"Another thing that we were very concerned about is MIDI locking properly to tape. We did a lot of performance tests on SMPTE-to-MIDI boxes. You can buy a £200 SMPTE-to-MIDI box which works well at home, but is not necessarily ideal for a studio environment, where it's used time and time again for precision recording. We wanted to keep the system standard throughout the building, making sure that all SMPTE devices would trigger from a 30 ips tape exactly in sync all the time. Unfortunately, some of the cheaper machines we tested drift in and out and can sometimes be two or three bars out by the end of a song. We ended up opting for the RTL Event in Strongroom 1 and the Adams Smith Zeta 3 in Strongroom 2. The Zeta 3 also controls the Sony U-Matic, the master and the multitrack, so you can have the multitrack recorder locked to MIDI, video and the 2-track."
It's obvious that Strongroom have left nothing to chance as far as equipment goes, but what are these "other things" which, in the words of Dave Formula, are "more important as long as your equipment is technically excellent"? Surely Strongroom makes a good cup of tea for their clients, but there must be more to it. Boote asserts that it's got a lot to do with "looking after clients. It's about realising that you're not just providing a pile of equipment, but are actually offering a service. That requires a certain attitude from the staff. You're also offering a service to creative people, and that requires a special sensitivity. Your studio is a creative environment, not a laundrette."
Studio manageress Siobhan Paine is responsible for Strongroom's service side. Amongst other things she deals with bookings and ensures that the studio service attitude is transferred to their tape-ops and assistant engineers. As Strongroom's main interface with the outside world, she describes the essence of her job as: "Making sure that the client gets everything they want when they want it, so that nothing gets in the way of their creative process." Producer Pascal Gabriel summarises it all very simply: "Strongroom is a great studio, run by very nice people who help to create a wonderfully relaxed working atmosphere."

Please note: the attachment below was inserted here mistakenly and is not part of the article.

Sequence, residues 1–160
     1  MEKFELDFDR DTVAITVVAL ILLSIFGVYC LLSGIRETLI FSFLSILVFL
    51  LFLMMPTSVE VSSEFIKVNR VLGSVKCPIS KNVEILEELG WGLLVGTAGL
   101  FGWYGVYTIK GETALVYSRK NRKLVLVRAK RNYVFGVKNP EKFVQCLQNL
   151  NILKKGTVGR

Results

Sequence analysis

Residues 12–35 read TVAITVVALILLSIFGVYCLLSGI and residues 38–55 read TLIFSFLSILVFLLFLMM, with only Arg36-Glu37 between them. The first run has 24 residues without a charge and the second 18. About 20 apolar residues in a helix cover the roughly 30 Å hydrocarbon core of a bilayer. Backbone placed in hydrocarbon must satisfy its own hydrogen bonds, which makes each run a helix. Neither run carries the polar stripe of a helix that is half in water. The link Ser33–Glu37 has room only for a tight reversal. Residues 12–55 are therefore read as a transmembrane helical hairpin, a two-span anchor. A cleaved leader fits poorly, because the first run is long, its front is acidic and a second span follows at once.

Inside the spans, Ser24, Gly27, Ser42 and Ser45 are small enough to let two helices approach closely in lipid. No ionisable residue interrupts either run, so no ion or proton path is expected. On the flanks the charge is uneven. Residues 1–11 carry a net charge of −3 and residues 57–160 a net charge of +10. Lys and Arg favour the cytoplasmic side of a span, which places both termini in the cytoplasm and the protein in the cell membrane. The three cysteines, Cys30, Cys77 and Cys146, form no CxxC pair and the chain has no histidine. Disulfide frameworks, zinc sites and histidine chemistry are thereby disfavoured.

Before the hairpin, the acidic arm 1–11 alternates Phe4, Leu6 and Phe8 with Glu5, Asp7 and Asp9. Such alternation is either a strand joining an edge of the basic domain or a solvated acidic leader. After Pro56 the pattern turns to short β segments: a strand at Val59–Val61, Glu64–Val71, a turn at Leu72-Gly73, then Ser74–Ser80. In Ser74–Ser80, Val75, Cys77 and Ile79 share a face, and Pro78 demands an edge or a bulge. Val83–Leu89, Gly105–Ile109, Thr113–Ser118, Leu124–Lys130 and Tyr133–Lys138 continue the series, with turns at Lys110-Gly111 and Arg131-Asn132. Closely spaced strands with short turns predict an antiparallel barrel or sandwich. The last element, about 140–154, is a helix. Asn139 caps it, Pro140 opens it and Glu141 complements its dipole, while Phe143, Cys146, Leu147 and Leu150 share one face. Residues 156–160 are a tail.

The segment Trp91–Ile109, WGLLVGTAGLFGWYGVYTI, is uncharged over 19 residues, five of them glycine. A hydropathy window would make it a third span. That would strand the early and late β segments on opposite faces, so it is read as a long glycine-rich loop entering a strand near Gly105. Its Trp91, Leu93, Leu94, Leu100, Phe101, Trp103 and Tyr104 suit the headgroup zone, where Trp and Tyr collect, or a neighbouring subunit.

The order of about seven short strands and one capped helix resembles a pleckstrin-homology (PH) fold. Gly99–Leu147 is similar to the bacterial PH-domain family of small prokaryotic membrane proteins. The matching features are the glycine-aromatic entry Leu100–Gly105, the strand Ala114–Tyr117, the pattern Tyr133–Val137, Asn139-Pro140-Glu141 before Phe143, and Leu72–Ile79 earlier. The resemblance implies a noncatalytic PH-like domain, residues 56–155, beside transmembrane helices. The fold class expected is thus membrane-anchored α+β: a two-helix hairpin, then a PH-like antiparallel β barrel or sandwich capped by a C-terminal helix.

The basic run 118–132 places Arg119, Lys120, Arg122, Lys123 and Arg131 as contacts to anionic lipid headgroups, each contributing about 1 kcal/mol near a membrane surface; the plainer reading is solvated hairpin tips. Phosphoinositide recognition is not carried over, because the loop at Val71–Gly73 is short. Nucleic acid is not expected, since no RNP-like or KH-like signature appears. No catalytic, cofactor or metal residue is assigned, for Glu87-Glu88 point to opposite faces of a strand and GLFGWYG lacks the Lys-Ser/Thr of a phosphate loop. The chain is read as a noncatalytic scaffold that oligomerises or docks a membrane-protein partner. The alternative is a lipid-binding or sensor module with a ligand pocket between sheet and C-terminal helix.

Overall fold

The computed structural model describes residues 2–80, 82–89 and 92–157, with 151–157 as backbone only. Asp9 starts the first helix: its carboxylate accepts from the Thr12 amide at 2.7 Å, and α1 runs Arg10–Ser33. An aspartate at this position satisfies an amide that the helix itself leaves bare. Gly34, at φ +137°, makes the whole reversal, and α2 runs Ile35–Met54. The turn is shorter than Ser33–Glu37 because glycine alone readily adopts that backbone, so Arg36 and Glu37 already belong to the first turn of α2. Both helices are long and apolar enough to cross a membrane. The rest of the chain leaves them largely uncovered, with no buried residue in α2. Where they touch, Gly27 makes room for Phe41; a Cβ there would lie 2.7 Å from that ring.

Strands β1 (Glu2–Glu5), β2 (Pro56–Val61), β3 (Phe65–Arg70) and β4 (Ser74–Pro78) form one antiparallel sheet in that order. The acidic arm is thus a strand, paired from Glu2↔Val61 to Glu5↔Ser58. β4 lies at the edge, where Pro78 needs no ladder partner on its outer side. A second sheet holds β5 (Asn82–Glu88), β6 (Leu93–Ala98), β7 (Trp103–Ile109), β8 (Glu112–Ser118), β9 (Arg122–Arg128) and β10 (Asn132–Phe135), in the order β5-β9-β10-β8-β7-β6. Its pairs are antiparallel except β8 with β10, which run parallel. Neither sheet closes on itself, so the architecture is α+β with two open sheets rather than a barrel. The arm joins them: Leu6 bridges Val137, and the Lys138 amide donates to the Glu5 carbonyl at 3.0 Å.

But there is more to developing a creative environment than just the attitude of the people in the studio. Strongroom have realised that the visual aspect is equally important. As a result, there's plenty of artwork around. Strongroom 2 is wide, light and spacious, and features a number of drawings and paintings by Jamie Reid, who was once responsible for the Sex Pistols' artwork and is exhibited at the Pompidou Centre in Paris. His paintings are what could be called 'slightly intriguing': their presence in the background is soothing and inspiring, without being intrusive. Apparently, Reid integrated ancient mystical symbols into the paintings which are said to enhance one's musical creativity, and although it sounds farfetched, Stephen Taylor (one of the engineers managed by SCAM) insists that he can actually feel their positive influence whilst working in Strongroom 2. Strongroom 1 has recently been re-decorated and now features a relaxing and inspiring design with shades of green, which work well in conjunction with the natural daylight.
Not surprisingly, there are more moves afoot to build three air-conditioned, soundproofed rooms, designed as pre-production rooms for producers, production teams and bands who can bring in their own equipment and feed off the creative vibe of the whole place.
With so many projects and extensions going on, will Boote and Formula ever be able to realise their original aims for the studio: Boote to record his own bands and Formula to record his own songs? Boote sees the future as being very bright: "Yes, I think we are starting to create the time and space for that now. The studio just grew and grew and we had to keep feeding it, so our original aims got a bit lost. But I'm now planning to get back into management and use the studio for that, too. And Dave is writing songs again. But really it doesn't matter that much, because the whole thing is about making music, whatever way you turn it."
Strongroom Studios, (Contact Details).
Feature by Paul Calderon